ARRANGEMENTS FOR INTERGOVERNMENTAL MEETINGS (SBI): During the contact group meeting, parties considered draft conclusions on enhancing the engagement of observer organizations, paragraph-by-paragraph. Discussions centered on issues including: the classification of NGO constituencies; the inclusion of national parliaments and legislators in the UNFCCC process; and the creation of consultative panels and matters relating to modalities, objectives and functioning of these panels. Revised text will be prepared.
ANNEX I NATIONAL COMMUNICATIONS (SBI): In the morning contact group, delegates discussed: a proposal for draft SBI conclusions; a draft COP decision; and a draft COP/MOP decision on Annex I national communications.
On reports on national greenhouse gas (GHG) inventory data from Annex I parties for the period 1990-2007 and 1990-2008, delegates debated two options: taking note of both reports; and taking note of the reports and of Annex I parties' total aggregate GHG emissions over the period 1990-2008. CHINA supported the second option, with BRAZIL suggesting some amendments to it. The US also supported the second option but highlighted that the text should remain as it is. BOLIVIA said the SBI should go beyond taking note of the reports and drew attention to increasing GHG emissions from Annex I parties.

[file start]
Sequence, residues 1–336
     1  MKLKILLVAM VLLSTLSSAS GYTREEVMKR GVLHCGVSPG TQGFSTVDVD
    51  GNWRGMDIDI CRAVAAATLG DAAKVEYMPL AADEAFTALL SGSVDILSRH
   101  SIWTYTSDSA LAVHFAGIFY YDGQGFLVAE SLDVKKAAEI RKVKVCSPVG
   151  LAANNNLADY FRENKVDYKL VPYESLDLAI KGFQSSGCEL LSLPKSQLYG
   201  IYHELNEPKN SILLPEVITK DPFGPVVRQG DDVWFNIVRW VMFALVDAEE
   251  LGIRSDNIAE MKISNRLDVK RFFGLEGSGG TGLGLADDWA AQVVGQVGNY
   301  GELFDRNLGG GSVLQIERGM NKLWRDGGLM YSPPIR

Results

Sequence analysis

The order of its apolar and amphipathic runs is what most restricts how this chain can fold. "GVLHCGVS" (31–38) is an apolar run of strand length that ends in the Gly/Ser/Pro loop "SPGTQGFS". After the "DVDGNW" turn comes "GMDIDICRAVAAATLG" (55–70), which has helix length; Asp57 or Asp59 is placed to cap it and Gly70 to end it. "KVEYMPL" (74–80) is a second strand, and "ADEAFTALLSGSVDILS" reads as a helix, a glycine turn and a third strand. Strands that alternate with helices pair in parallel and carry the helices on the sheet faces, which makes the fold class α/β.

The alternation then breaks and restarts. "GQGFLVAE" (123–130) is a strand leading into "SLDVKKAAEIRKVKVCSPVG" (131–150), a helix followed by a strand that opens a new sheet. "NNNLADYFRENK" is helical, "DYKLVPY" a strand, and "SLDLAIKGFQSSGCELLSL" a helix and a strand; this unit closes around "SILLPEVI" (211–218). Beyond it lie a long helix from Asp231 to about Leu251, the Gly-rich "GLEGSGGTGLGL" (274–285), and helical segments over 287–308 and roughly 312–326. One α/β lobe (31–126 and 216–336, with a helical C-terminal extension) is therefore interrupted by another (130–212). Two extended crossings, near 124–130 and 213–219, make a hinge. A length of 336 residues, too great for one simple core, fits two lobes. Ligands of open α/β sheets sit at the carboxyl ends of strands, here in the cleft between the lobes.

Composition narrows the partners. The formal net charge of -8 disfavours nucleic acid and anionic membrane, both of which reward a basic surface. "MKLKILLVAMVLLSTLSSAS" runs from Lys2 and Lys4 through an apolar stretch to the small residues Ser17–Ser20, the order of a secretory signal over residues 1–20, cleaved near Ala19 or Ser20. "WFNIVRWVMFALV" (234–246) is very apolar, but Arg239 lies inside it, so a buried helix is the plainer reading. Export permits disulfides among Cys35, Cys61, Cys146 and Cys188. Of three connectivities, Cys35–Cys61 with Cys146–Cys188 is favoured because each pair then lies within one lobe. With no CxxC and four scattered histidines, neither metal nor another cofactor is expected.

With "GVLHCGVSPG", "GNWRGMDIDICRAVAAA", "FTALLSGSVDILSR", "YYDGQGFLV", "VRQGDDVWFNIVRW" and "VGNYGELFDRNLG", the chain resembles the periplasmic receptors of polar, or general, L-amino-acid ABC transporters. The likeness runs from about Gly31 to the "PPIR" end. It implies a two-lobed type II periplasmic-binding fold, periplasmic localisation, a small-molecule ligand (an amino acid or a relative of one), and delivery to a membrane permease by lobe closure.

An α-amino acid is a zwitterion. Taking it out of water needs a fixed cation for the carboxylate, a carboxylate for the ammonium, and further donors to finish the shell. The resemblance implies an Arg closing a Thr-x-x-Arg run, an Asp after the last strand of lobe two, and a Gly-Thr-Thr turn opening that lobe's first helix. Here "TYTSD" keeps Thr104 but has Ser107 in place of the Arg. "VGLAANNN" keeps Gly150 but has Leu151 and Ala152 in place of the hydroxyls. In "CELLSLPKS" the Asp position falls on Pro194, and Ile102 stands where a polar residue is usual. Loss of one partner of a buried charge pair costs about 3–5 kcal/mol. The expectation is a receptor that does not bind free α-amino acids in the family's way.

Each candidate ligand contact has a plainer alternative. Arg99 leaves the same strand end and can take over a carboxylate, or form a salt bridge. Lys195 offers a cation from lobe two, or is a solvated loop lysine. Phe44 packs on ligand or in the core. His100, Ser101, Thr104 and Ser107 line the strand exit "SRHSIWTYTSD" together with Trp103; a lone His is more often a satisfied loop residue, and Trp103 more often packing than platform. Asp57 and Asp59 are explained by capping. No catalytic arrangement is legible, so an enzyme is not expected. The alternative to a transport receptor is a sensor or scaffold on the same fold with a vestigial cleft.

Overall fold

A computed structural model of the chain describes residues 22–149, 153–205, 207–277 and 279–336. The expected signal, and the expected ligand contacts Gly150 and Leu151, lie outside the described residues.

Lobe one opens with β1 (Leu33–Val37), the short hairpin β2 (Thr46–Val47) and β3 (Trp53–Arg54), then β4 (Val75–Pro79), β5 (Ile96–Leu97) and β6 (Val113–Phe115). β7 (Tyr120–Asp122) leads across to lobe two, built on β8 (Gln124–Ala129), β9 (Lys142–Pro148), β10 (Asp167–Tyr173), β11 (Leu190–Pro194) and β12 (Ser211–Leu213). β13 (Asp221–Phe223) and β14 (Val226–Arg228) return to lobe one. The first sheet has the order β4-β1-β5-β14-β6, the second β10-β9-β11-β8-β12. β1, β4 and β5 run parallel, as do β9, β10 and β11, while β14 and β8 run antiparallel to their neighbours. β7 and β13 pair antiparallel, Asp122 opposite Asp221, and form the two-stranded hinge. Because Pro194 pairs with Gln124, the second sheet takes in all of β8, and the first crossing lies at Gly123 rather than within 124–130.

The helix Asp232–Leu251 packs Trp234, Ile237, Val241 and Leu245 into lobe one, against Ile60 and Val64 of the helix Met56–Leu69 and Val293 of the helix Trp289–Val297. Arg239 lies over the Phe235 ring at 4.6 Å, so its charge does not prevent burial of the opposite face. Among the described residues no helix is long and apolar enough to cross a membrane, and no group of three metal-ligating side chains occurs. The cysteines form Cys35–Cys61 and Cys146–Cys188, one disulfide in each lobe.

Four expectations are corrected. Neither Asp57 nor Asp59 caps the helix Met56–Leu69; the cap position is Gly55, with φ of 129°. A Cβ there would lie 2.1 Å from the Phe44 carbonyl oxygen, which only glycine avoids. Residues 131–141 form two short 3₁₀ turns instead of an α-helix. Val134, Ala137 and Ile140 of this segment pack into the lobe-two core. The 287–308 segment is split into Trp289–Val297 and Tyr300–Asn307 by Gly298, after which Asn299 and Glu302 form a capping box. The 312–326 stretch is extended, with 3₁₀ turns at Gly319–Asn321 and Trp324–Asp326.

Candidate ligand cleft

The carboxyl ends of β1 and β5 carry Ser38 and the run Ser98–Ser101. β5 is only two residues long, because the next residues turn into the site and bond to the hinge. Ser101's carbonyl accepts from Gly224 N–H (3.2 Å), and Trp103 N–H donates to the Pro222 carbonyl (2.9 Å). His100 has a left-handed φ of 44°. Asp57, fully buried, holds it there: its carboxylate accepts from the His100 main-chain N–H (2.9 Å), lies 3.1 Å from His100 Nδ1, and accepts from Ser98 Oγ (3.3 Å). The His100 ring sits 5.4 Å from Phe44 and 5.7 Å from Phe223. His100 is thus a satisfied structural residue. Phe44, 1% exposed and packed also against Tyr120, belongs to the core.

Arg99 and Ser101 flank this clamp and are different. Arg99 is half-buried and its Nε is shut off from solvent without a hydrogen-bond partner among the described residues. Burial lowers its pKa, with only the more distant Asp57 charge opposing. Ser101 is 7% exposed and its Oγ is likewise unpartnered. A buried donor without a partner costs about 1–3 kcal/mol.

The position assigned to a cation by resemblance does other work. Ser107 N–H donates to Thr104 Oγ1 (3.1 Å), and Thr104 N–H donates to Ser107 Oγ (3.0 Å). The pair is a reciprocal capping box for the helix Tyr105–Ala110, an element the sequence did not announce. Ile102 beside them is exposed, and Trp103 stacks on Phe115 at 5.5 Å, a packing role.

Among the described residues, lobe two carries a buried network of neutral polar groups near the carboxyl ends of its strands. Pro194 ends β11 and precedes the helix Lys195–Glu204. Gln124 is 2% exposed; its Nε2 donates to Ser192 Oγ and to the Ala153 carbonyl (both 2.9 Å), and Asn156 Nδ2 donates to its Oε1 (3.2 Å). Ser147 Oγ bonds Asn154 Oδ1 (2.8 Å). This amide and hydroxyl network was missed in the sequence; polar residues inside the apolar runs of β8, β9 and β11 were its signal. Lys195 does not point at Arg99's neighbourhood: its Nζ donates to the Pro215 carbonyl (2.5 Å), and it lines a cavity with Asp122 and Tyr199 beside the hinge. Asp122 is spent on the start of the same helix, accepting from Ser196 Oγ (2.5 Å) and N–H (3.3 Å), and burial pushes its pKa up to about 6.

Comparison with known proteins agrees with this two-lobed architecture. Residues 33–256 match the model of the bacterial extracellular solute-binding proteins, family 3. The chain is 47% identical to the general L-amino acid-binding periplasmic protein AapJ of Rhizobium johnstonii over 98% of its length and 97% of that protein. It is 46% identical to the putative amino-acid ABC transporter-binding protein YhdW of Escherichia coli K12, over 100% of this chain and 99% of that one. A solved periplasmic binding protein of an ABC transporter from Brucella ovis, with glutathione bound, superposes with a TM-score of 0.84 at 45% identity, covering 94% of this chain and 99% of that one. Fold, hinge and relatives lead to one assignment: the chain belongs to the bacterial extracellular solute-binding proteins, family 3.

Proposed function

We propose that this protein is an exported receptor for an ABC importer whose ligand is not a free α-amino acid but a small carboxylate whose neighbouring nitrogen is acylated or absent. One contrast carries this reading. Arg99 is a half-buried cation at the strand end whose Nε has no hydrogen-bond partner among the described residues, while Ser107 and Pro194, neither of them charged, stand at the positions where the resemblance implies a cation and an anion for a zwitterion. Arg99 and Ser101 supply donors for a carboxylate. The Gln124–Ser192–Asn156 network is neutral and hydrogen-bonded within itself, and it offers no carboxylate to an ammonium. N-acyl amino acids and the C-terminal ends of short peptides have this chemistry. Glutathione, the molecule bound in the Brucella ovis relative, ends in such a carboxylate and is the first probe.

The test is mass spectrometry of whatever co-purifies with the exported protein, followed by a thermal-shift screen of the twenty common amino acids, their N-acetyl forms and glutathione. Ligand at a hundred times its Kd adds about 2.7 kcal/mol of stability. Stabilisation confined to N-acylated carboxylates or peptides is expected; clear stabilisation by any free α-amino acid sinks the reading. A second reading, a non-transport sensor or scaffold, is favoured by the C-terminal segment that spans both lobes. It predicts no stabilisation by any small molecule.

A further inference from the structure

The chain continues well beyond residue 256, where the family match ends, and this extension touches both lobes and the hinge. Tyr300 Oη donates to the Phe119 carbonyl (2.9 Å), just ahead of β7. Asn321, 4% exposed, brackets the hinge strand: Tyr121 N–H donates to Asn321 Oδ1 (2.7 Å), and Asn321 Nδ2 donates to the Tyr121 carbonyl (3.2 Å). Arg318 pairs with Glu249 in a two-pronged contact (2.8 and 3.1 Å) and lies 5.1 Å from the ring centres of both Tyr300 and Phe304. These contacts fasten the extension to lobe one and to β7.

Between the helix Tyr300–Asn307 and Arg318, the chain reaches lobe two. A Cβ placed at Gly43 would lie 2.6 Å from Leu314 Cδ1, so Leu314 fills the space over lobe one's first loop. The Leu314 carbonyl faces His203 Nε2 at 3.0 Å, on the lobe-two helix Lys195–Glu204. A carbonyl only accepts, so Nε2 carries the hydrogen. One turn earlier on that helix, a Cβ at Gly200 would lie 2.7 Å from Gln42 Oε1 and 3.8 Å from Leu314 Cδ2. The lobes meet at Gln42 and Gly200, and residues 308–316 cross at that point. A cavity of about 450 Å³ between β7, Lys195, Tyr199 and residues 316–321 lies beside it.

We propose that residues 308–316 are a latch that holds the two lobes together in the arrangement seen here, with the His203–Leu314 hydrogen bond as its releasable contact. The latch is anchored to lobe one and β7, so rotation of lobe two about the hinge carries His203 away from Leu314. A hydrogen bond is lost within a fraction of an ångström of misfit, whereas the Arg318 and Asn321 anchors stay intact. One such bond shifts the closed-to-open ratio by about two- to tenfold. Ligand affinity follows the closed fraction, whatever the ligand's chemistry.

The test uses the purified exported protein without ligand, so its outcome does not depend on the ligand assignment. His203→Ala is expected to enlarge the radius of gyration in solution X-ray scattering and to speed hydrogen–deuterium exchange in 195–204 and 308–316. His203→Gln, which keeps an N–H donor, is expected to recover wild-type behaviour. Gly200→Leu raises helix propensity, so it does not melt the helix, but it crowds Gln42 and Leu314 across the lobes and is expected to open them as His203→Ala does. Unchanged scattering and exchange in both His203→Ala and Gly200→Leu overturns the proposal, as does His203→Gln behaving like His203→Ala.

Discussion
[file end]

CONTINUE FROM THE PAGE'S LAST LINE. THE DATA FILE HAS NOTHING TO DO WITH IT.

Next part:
On the sixth national communications, delegates discussed the proposed requirement to submit sixth national communications by 1 January 2014, which was supported by many parties. BOLIVIA suggested submission by 2012. BRAZIL supported text urging timely submission of reports. BRAZIL and CHINA proposed, and the US agreed, to indicate that the seventh national communication should be submitted “no later than four years” after 2014.